New Now Exhibition

IMG_7627NEW/NOW: Paul Baylock

May 17, 2018–October 21, 2018

During the early part of the 20th century, New Britain was known as the “Hardware City” and the “Hardware Capital of the World.” Major manufacturers, such as Stanley Tool, Fafnir, Emhart, and Landers, Frary & Clark were headquartered here, producing tools that were sold worldwide. These manufacturers contributed to a flourishing economy, drawing tens of thousands of workers to New Britain every day. While many of these factories have since closed, the city retains great pride in its rich industrial legacy.

This legacy is perhaps nowhere better expressed and celebrated than in the vibrant paintings and sculptures of artist Paul Baylock, a New Britain native. Throughout his career, Baylock has drawn his imagery from vintage publications and Popular Mechanics magazines from the period in which he grew up in the 1950s and ‘60s, as well as from New Britain iconography, factory architecture, and locally produced hardware that capture the spirit of the city. By sanding and abrading the surfaces of his brightly hued acrylic and vinyl paintings, Baylock attributes an aura of age to his compositions, evoking faded signs or advertisements from an earlier era, collaged together. These layered compositions suggest the changing topography of the city, the passing of time, and the accumulation of memory, and are especially relevant now, given the ongoing demolition of historic factory buildings in New Britain. The artist’s NEW/NOW exhibition will feature a selection of paintings from 2009 to today, including his celebrated “Hardware City” series. The presentation will also include site-specific sculptural installations comprising of the original windows from the Landers, Frary & Clark factory that he acquired while renting a studio there.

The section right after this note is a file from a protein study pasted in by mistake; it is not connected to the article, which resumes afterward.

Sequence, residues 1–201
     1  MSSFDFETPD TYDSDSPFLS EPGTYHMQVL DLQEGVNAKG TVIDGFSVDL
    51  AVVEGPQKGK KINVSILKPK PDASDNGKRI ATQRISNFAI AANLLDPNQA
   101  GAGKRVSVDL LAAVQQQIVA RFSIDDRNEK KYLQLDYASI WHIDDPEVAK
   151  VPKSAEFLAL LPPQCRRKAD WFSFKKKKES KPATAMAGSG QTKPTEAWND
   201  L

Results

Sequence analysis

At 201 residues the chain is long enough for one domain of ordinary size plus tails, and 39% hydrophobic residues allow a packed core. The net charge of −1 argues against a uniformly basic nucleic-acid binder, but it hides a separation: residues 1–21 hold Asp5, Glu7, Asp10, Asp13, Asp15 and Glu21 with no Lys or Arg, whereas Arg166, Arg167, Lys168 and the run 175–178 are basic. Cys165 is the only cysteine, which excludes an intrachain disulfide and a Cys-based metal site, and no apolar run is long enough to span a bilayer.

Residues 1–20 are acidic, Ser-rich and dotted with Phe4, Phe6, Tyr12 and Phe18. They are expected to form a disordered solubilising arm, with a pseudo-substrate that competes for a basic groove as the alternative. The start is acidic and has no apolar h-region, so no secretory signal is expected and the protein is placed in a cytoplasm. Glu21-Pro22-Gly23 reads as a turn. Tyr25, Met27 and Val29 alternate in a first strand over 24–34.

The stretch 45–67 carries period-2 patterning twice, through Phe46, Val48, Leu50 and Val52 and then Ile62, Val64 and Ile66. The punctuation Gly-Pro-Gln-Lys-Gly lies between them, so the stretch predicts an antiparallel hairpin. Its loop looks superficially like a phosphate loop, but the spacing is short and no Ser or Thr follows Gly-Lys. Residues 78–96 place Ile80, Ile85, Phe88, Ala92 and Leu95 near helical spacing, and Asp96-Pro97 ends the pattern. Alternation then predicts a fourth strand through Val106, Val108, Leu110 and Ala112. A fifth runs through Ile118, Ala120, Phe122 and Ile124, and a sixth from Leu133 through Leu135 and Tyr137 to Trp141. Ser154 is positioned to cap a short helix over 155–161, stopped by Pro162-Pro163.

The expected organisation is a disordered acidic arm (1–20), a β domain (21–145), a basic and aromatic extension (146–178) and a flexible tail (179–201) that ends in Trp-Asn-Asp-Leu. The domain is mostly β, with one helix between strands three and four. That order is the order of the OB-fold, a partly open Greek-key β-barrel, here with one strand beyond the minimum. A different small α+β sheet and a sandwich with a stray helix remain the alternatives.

An avid supporter of the arts, Baylock has been involved with the New Britain Art League for over a decade, and the League’s President since 2008. Baylock taught art in New Britain public schools at the middle and high school level for 38 years, until retiring in 2012. The artist’s interest in urban history is shared by many residents of our city and state. In conjunction with Baylock’s exhibition, the NBMAA will organize a number of programs that celebrate our legacy as the “Hardware City,” and that will explore the shifting landscape of New Britain and cities across the country.



The Old Studio.

I used to rent space in the Landers, Frary, and Clark factory on Ellis street in New Britain.   I was there from 2004 until 2008.  There wasn’t any heat. Shown are photos looking out through the windows that inspired a lot of my work.Window77IMG_1787factorywindow1


These are a mix of paintings and mixed media from my Landers, Frary, & Clark series, Hardware City series, Popular Science Series, and the Wainscott series. There is much overlapping of the three.(Click on an image to see full views.)


When I had a studio in the Landers, Frary & Clark factory, I became interested in the windows. I took photographs of the windows and used them to make digital art and vectors to create vinyl stencils that I painted through in the paintings in the NewNow exhibit. I included actual windows taken from the factory when they switch them out for new thermal windows. These were mounted and filled with lasercut motifs similar to those in the paintings.The LF&C series (abbreviated from Landers, Frary & Clark) explores the windows in an abstract way without the use of vinyl stencil. I’m exploring the relationship between the line and shape of the panes and the surface between them. Contrasts in color, texture, and matte verses gloss are important. The original window photos remind me of that quality that inspired me- a feeling one gets with stained glass windows in churches.

LF&C No.1

LF&C No.1

LF&C No.2

LF&C No.2





Painting, Uncategorized